When identifying a micro-influencer, there are particular qualities that brands should look for. Ideally, influencers would be both loyal and relevant to the brand, a trusted source of information, and have some kind of expertise in the industry. This will ensure they have influence over a relevant target market and that they may be willing to advocate on behalf of the brand.

Finding micro-influencers between 10,000 and 100,000 followers allows for a good balance between engagement and reach. When searching for social media personalities, Instagram is a great place to start, being the most favoured platform for influencer campaigns, with Facebook as a close second. Searching through a brand’s follower list or conducting hashtag searches can be a simple way to find those who use and admire a brand.

 

Establishing a long-term relationship with micro-influencers sets them up as brand ambassadors and results in a more effective influencer campaign. Companies can send free products and ask for honest reviews, promote giveaways, or provide access to an exclusive promotion code to motivate influencers. With respect to payment, the most popular method is a pay per post model, [1] however, with long-term partnerships, paying per engagement could be more appropriate.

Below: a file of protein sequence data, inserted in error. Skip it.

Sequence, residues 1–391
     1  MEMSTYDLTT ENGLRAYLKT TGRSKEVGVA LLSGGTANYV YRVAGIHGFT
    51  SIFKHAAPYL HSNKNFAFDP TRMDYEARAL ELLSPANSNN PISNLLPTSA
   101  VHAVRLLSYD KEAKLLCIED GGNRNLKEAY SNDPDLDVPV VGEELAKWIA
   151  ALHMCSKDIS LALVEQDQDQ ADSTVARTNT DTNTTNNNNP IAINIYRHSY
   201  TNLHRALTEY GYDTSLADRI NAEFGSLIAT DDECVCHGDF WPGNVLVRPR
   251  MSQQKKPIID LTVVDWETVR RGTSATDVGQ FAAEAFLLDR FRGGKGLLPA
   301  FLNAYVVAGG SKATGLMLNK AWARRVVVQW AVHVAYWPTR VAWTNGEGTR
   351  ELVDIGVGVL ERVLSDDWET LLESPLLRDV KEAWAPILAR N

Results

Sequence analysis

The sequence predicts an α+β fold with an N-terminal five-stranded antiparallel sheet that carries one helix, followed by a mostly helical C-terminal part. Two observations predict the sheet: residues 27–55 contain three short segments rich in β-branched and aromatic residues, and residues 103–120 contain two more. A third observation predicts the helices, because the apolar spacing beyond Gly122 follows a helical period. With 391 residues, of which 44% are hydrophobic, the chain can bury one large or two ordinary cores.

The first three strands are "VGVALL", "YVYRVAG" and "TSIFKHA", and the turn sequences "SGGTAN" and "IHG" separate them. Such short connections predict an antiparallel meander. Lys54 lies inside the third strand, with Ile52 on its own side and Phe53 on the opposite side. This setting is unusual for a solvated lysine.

Allow content to be authentic, both true to the influencer’s voice, and also beneficial to the brand. Encourage honest, personal testimonials about a product or brand instead of a simple product placement photo. Creating a candid story with product details or brand mentions will have the greatest impact on followers.

  1. MDG Advertising
  2. Ad Week
  3. Influencer Marketing Hub
  4. Expert iCity